Study of the U.S. Institutes for Scholars (SUSIs) are intensive five-to-six-week post-graduate level academic programs whose purpose is to provide a foreign university faculty and other scholars the opportunity to deepen their understanding of U.S. society, culture, values, and institutions. The ultimate goal of the Institutes is to strengthen curricula and to enhance the quality of teaching about the United States in academic institutions abroad. Each Institute will include an academic residency component and up to two-weeks integrated study tour to another region of the United States.
Themes of the U.S. Institutes:
American Politics and Political Thought
The Institute on American Politics and Political Thought will provide a multinational group of 18 experienced and highly motivated foreign university faculty and practitioners insight into how intellectual and political movements have influenced American political institutions and American democracy. The Institute will explore the shaping of American identity and the chemistry between that identity and U.S. history, politics, and the democratic process. The Institute will provide a deeper understanding of major currents in U.S. political thought, from the colonial period to the present, and explore contemporary U.S. political and social debates and public policy, relating them back to U.S. political thought and American identity. The University of Montana will administer this program while the University of Massachusetts in Amherst, Massachusetts, will host this Institute.
Contemporary American Literature
The Institute on Contemporary American Literature will provide a multinational group of 18 experienced and highly motivated foreign university faculty and practitioners with a deeper understanding of U.S. society and culture, past and present, through an examination of contemporary American literature. The Institute will examine how major contemporary writers, schools, and movements reflect the U.S. literary canon. The Institute will also explore the diverse communities and voices that constitute the American literary landscape and expose participants to writers who are establishing new directions for American literature. The Institute will cover a variety of contemporary American writers and writing and suggest how the themes explored reflect larger currents within contemporary U.S. society and culture. The University of Montana in Missoula, Montana, will administer and host this Institute.
Journalism and Media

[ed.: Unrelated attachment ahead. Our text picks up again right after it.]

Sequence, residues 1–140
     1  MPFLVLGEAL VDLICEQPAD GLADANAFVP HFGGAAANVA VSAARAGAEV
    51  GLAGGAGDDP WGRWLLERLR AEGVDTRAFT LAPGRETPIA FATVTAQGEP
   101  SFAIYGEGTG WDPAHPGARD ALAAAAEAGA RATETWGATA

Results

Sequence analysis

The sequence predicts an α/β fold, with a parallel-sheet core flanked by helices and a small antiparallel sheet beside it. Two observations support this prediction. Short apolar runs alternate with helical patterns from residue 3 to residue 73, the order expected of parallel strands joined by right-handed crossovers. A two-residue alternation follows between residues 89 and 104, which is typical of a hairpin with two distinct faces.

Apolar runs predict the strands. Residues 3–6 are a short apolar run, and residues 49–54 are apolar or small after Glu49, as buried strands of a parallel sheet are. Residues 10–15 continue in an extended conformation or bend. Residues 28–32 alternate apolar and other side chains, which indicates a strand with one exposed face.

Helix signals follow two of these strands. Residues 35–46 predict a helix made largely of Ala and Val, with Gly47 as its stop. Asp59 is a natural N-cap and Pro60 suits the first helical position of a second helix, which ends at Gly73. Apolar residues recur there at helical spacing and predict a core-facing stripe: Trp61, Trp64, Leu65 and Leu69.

The Institute on Journalism and Media will provide a multinational group of 18 experienced and highly motivated foreign journalism instructors and other related specialists with a deeper understanding of the roles that journalism and the media play in U.S. society. The Institute will examine the role of journalists in recognizing and preventing disinformation and will explore strategies for media and information literacy to counter disinformation. Additionally, the Institute will examine best practices in journalism by discussing the rights and responsibilities of the media in a democratic society, including editorial independence, journalistic ethics, legal constraints, and international journalism. The program will also highlight the impact of technology in journalism, including the influence of the digital economy, globalization of the news media, shifting business and funding models, and other changes that are transforming the profession. The University of Montana will administer this program while Arizona State University in Tempe, Arizona, will host the Institute.
U.S. Culture, Identity, and Society
The Institute on U.S. Culture, Identity, and Society will provide a multinational group of 18 experienced and highly motivated foreign university faculty and other specialists with a deeper understanding of U.S. society, culture, values, and institutions through the lens of diversity and national unity. The Institute will examine the ethnic, racial, social, economic, political, and religious contexts in which various cultures have manifested in U.S. society while focusing on the ways in which these cultures have influenced social movements and American identity throughout U.S. history. The program will draw from a diverse disciplinary base and will itself provide a model of how a foreign university might approach the study of American culture and society. The University of Montana will administer this program while Seattle University in Seattle, Washington, will host the Institute.
U.S. Economics and Sustainable Development
The Institute on U.S. Economics and Sustainable Development will provide a multinational group of 18 experienced foreign university faculty, researchers, practitioners, and policymakers with a deeper understanding of key components and structures of the U.S. economy. Using a multidisciplinary approach, the program will explore various topics of socioeconomics; how financial institutions, investors, and businesses interact to support sustainable economic development, innovation, and growth; and increasing diverse and equitable employment through institutional regulation, social inclusion strategies, and private and public policies. Throughout the Institute, participants will examine the interplay of climate change, U.S. business innovation, corporate regulation, entrepreneurship, and economic theory. Participants will have opportunities to learn about key institutions and stakeholders in the U.S. economy and meet with a diverse range of business leaders and small business owners, among others. The University of Montana will administer this program while the Institute for Training and Development (ITD), in conjunction with Suffolk University, will jointly host the Institute in Amherst and Boston, Massachusetts.